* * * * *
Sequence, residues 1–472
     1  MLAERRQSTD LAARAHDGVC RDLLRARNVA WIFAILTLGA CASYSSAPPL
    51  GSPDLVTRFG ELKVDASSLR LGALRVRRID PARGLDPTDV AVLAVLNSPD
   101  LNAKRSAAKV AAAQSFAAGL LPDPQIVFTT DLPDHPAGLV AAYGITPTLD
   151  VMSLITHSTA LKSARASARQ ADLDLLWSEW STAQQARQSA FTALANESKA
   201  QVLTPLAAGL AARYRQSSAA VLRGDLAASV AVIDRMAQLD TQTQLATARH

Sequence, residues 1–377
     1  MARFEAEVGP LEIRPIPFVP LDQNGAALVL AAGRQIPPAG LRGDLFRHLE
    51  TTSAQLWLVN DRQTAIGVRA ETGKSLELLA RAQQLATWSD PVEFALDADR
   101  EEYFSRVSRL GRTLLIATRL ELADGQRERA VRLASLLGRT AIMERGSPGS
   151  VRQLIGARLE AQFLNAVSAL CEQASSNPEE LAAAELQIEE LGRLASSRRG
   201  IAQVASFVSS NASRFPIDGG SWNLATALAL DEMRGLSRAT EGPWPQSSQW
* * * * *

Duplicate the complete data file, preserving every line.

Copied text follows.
Sequence, residues 1–472
     1  MLAERRQSTD LAARAHDGVC RDLLRARNVA WIFAILTLGA CASYSSAPPL
    51  GSPDLVTRFG ELKVDASSLR LGALRVRRID PARGLDPTDV AVLAVLNSPD
   101  LNAKRSAAKV AAAQSFAAGL LPDPQIVFTT DLPDHPAGLV AAYGITPTLD
   151  VMSLITHSTA LKSARASARQ ADLDLLWSEW STAQQARQSA FTALANESKA
   201  QVLTPLAAGL AARYRQSSAA VLRGDLAASV AVIDRMAQLD TQTQLATARH

Sequence, residues 1–377
     1  MARFEAEVGP LEIRPIPFVP LDQNGAALVL AAGRQIPPAG LRGDLFRHLE
    51  TTSAQLWLVN DRQTAIGVRA ETGKSLELLA RAQQLATWSD PVEFALDADR
   101  EEYFSRVSRL GRTLLIATRL ELADGQRERA VRLASLLGRT AIMERGSPGS
   151  VRQLIGARLE AQFLNAVSAL CEQASSNPEE LAAAELQIEE LGRLASSRRG
   201  IAQVASFVSS NASRFPIDGG SWNLATALAL DEMRGLSRAT EGPWPQSSQW